IS-08 defines a way of defining input and output blocks allowing a channel mapping to be defined. Using IS-05, we can determine which source stream should connect to which destination device. Then IS-08 gives the capability to determine which of the audios within this stream can be mapped to the output(s) of the receiving device and on top of this allows mapping from multiple received streams into the output(s) of one device. The talk then finishes with a deeper look at this process including where example code can be found.
Delivering an all-IP truck is no mean feat. tpc explains what they learnt, what went well and how they succeeded in delivering a truck which takes no longer to fire up than a traditional SDI truck.
A common questions among people considering a move to IP is ‘do I need to?’ and ‘how can I get ready?’. Here at The Broadcast Knowledge we always say ‘find a small project, get it working, learn what goes wrong and then plan the one you really wanted to do.’ The Swiss broadcasting service provider ‘Technology and Production Centre’, known as ‘tpc’, has done just that.
tpc is currently working on the Metechno project – a large all-IP news, sports and technology center for Swiss radio and television. In order to acquire necessary experience with the SMPTE ST 2110 standard, tpc designed the UHD1 OB van ahead of time which has been used in TV production for 6 months now. In this video, Andreas Lattmann shares the vision of the Metechno Project and, critically, his experiences related to the design and use of the truck.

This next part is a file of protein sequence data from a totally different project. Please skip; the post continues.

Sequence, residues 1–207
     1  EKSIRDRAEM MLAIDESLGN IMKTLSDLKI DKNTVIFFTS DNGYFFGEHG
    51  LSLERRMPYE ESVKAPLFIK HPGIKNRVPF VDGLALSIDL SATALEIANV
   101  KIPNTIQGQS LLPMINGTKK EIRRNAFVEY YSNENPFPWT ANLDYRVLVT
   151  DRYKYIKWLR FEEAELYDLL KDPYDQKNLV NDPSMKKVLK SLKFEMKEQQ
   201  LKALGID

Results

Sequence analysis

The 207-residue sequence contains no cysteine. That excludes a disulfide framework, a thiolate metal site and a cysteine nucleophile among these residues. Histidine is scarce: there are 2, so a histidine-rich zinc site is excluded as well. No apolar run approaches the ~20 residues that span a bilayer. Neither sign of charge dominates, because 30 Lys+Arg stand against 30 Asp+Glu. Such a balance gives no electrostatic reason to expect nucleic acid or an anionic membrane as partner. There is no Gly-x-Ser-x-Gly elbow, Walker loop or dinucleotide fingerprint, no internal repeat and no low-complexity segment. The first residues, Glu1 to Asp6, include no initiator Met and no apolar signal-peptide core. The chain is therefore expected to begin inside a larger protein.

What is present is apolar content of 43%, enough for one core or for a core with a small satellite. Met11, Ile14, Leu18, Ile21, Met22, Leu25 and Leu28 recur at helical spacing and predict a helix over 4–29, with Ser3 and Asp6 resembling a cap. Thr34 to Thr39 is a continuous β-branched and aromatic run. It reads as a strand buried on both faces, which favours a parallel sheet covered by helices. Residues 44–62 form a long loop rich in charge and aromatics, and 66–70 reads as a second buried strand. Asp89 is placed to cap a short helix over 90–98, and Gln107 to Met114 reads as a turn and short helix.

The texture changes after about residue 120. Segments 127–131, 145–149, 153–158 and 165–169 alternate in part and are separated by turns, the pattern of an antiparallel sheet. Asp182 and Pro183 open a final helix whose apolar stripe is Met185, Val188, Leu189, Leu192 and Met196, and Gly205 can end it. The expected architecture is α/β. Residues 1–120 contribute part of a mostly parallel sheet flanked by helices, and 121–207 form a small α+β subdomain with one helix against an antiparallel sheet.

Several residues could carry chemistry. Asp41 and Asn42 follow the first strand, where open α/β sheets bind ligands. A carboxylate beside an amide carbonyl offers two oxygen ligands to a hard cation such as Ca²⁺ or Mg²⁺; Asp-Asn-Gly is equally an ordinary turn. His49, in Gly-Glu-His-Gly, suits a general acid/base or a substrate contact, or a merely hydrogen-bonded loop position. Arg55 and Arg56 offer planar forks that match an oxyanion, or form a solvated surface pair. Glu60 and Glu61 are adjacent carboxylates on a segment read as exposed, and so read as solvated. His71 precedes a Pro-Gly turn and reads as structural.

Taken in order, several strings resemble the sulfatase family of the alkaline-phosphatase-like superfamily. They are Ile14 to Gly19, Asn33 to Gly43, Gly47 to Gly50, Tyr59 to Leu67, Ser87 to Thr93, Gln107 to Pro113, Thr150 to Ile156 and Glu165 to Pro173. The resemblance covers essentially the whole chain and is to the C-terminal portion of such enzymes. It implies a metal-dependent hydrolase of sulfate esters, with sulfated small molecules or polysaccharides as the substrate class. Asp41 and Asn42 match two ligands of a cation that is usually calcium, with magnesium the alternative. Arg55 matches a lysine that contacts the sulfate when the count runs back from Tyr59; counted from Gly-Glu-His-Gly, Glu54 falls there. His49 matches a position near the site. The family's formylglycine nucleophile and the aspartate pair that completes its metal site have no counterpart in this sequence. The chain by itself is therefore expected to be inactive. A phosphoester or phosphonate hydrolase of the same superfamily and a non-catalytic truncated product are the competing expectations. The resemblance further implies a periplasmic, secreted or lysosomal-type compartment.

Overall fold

The UHD1 is a 24-camera OB van with all IP core based on Arista switches with non-blocking architecture. It is the equivalent of an 184-square UHD SDI system however, it can be expanded by adding additional line cards to network switches. The truck is format agnostic, supporting both HD and UHD formats in HDR and SDR. IP gateways are incorporated for SDI equipment.
The SMPTE ST 2110 specification separates video and audio into discrete essence streams which boosts efficiency and flexibility, but we hear in this talk that more attention to latency (lip sync) is required compared to SDI systems. Andreas talks about the flexibility this truck provides with up-/down-conversion, color-correction for any video plus how IP has enabled full flexibility in what can be routed to the multiviewer screens.
Anderas spends some time discussing redundancy and how IP enables full redundancy – an improvement over many SDI infrastructures and how SMPTE’s ST 2022-7 standard makes this possible.
The main GUI is based on a Lawo VSM control system which aims to deliver a familiar experience for operators who used to work in the SDI domain. Network training has been provided for all operators because troubleshooting has changed significantly with the introduction of essences over IP. This is not least because NMOS IS-04 and 05 standards were not mature enough during design of the truck, so all IP connections had to be managed manually. With more than 50 thousand IP addresses in this system, AMWA’s NMOS IS-04 which manages discovery and registration and IS-05 which manages the setup and take-down of connections would have helped significantly in the lean management of the truck.
Lattmann emphasizes importance of using open standards like SMPTE ST 2110 instead of proprietary solutions. That allows you to choose the best components and not rely on a single manufacturer.
The learning’s the Andreas presents us involve difficulties with PTP, IP training, the benefits of flexibility. From a video point of view, Andreas presents his experiences with HDR->SDR workflows, focussing in HDR and UHD.